For the rest, there are Steam achievements. And they can be such fun to get!
In the initial run, I got all the Steam achievements, earned all my Perks (back then, they only went up to 5), and promptly forgot about the game. If there wasn't something worth earning from your actions, it wasn't worth playing.
Maybe Tripwire caught onto that because very quickly, they doubled the available Steam achievements, added new maps... and have continued to add more new content almost every Halloween or Christmas season. I have never seen a similar game continue to see so many continuous content overhauls and additions even now, more than four years after release.
Moreover, if Steam achievements aren't your thing, the Steam Workshop ensures that there are millions of player-generated maps and mods that you can try out - though if they're not on the whitelist, you won't be able to earn anything towards your Perks either.
As much fun as it is, Killing Floor is hardly perfect. While it continues to impress with many free updates, the fact that it has sold over 1,000,000 copies and been a feature 75% off Steam sale for several years running has already begun to count against it.
Fewer people are buying the game, so where it began as a few dollars for some extra cosmetic character skins for $2, new character packs and gold weapon skins now retail between $4.99 and $7.99 for DLCs. Furthermore, where these originally began as simply cosmetic skins, they have now stretched to unlocking guns in the trader shop.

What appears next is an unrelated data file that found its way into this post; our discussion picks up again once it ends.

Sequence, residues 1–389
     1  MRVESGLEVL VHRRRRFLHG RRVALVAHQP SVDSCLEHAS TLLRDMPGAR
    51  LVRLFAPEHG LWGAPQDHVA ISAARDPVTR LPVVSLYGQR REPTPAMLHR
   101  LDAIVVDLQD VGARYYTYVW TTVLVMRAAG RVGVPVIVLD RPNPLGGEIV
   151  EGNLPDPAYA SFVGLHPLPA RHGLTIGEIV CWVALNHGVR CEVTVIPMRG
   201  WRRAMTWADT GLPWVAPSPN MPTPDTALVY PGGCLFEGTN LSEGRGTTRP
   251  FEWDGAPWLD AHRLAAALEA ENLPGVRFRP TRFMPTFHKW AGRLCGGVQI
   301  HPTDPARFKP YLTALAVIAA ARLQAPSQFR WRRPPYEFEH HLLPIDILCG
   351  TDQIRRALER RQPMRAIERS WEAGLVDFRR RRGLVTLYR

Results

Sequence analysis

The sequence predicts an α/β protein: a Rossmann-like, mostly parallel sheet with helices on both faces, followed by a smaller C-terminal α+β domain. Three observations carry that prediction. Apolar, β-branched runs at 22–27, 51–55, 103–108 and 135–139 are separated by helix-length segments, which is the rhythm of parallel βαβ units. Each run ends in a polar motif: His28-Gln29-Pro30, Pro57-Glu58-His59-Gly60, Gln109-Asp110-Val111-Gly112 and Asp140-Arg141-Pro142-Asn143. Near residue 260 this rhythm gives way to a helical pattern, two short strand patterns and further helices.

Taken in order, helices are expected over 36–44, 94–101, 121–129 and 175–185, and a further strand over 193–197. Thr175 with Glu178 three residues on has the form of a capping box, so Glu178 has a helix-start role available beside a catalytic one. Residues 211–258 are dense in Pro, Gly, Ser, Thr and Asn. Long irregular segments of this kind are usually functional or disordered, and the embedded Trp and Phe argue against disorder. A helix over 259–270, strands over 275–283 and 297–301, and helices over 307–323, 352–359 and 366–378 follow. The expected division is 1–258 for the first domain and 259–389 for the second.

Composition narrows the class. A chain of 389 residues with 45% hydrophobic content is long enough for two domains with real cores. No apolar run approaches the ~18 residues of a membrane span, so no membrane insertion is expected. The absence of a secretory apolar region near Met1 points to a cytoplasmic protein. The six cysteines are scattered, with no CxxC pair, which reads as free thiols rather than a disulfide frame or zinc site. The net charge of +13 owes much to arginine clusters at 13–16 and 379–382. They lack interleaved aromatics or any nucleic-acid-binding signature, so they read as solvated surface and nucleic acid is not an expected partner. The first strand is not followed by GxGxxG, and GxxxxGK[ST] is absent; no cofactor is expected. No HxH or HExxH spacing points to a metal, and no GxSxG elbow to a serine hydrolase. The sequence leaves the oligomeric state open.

From a consummate DLC collector, even I have to say: ewww.
In-game gripes include the abrupt switch in strategy between 10 survival waves and the Patriarch's appearance, a slew of bugs (which Tripwire is quite good at catching and fixing), and the unfortunate time it takes to alt-tab in and out of the game. And while I have no problem with it and actually like it, newcomers are not a fan of ZED time, which causes widespread slow-mo for all players for a short span of time.
However these are small in comparison with the amount of enjoyment I have gotten out of what looked like a throwaway grindhouse humor game. This is my feel-good game, my vent-a-day-of-pent-up-rage game, and one of the most standout titles I have ever played.
I love it, and would definitely recommend you get it to play with friends whenever you have an hour or two to spare to simply jump in and out of something.
You can find Killing Floor and all its DLCs for 50% off right now on Steam, or you can get it for as little as $1 USD from the current Humble Weekly Sale. At that price, it is definitely worth checking out if you've always passed it by before!
Speaking of which, I have one code for Killing Floor and one for Dwarfs?! left from this week's Humble Weekly Sale... leave me a comment and see if you snag one!